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March 10, 2017

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ECB: stimulus policy stays till end 2017

THE European Central Bank pledged yesterday to keep its aggressive stimulus policy at least until the end of the year, arguing that inflation pressures in the eurozone remained weak despite expectations of faster price growth.

While expected, the decision showed the ECB was resisting calls from Germany to start winding down its 2.3-trillion-euro (US$2.4 trillion) bond-buying scheme, or at least signal its plan to do so, as growth and inflation rebound.

Instead, the Frankfurt-based central bank stuck to its plan of continuing the purchases until December. Crucially, it also pledged to keep interest rates at current, record-low levels until long after that, or even cut them if necessary.

“If the outlook becomes less favorable, or if financial conditions become inconsistent with further progress toward a sustained adjustment in the path of inflation, the Governing Council stands ready to increase the program in terms of size and/or duration,” the ECB said in a statement.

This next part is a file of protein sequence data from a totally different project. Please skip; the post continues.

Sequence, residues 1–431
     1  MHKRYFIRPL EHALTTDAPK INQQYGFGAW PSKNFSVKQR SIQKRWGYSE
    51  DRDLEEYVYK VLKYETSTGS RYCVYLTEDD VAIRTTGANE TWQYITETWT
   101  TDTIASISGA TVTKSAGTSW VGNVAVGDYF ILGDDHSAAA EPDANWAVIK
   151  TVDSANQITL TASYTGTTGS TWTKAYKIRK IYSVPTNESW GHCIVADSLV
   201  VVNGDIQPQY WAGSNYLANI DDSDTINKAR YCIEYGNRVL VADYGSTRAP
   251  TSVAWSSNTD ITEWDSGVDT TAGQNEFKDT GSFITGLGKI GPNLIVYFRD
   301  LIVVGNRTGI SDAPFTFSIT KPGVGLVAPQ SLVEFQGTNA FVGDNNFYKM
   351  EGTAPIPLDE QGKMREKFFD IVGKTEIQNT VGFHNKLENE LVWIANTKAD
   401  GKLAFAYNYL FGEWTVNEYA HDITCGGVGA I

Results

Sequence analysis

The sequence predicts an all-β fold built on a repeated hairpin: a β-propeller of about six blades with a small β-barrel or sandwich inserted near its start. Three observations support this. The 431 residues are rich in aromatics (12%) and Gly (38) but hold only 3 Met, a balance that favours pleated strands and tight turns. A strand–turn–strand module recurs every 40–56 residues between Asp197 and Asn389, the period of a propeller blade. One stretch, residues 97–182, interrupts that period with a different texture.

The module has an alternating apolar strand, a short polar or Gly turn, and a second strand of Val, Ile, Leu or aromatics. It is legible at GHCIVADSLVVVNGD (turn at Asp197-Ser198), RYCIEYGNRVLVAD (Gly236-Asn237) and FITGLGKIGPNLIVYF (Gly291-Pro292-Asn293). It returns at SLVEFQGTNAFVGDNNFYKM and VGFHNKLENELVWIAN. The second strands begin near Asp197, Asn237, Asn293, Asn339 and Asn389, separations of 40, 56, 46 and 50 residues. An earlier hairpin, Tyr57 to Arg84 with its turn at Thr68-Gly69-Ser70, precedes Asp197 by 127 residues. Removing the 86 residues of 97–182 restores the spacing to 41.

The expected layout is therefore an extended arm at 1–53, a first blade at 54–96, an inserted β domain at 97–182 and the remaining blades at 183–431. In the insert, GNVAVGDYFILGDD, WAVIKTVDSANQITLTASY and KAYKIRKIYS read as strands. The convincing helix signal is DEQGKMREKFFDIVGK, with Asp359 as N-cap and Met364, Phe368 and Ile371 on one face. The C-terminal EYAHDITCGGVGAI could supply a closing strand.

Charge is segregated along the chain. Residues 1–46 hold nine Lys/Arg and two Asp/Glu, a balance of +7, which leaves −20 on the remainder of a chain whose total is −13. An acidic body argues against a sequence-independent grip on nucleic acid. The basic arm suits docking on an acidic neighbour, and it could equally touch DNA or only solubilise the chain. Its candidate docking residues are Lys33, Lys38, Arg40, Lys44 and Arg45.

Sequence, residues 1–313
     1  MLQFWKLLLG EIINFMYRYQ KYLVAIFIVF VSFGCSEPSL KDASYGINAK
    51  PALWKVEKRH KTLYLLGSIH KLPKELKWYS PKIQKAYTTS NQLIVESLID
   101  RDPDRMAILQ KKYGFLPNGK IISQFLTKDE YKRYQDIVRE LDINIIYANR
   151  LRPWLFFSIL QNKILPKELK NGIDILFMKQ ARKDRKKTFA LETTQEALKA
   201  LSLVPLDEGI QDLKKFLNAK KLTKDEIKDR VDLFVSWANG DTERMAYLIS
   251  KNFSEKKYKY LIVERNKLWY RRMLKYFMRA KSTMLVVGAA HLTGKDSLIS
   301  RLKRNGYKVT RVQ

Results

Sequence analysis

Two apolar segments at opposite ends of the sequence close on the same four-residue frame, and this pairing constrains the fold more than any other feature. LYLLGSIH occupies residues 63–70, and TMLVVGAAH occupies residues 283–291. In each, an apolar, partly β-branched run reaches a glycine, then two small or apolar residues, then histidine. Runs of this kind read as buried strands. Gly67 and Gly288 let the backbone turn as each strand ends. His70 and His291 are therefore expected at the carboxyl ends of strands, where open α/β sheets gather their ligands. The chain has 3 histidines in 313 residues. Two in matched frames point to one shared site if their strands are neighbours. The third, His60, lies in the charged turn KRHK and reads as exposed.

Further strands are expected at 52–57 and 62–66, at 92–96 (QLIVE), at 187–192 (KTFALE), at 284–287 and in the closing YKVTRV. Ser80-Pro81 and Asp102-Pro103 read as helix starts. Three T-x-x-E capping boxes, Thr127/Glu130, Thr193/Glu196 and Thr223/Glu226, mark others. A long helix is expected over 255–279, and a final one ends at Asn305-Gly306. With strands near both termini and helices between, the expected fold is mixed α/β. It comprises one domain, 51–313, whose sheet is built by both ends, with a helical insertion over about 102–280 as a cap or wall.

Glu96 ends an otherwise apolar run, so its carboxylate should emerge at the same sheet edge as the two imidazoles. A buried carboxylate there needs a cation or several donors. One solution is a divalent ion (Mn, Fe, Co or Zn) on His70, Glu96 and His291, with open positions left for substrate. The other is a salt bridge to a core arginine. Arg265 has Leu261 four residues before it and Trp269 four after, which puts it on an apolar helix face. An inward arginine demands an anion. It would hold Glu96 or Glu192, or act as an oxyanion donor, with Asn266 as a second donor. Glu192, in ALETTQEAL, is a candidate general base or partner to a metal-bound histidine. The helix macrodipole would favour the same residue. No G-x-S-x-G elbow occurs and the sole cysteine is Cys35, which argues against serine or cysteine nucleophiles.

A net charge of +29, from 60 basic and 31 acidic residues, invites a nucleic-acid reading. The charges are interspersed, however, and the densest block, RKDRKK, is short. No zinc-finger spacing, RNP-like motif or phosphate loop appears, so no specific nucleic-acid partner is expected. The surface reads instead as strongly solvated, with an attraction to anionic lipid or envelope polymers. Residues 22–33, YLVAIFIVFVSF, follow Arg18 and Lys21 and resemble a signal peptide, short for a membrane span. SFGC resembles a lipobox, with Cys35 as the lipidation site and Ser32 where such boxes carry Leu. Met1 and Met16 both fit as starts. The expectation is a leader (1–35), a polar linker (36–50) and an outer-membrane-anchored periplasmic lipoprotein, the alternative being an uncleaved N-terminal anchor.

Justifying the stance at his regular news conference afterward, ECB President Mario Draghi presented upgrades in inflation expectations for this year and next but argued they did not alter the overall picture.

“There is no sign yet of a convincing upward trend on underlying inflation,” he said, adding that inflation — which hit its target of almost 2 percent last month — was expected to rise “only gradually” in the medium term.

The ECB now sees headline inflation of 1.7 percent this year compared with an earlier estimate of 1.3 percent, and 1.6 percent next year compared with a previous 1.5 percent estimate. It saw prices rising a flat 1.7 percent in 2019.

The ECB is scheduled to cut the pace of its bond purchases by a quarter from next month but continue them at least until year-end, or longer if it thinks inflation is below target.

But nearly a decade after the 19-country currency bloc’s woes began, its economy is looking in better shape.

Economic sentiment is at a six-year high, trade is rebounding, services and manufacturing output is rising, and unemployment is at its lowest since 2009.


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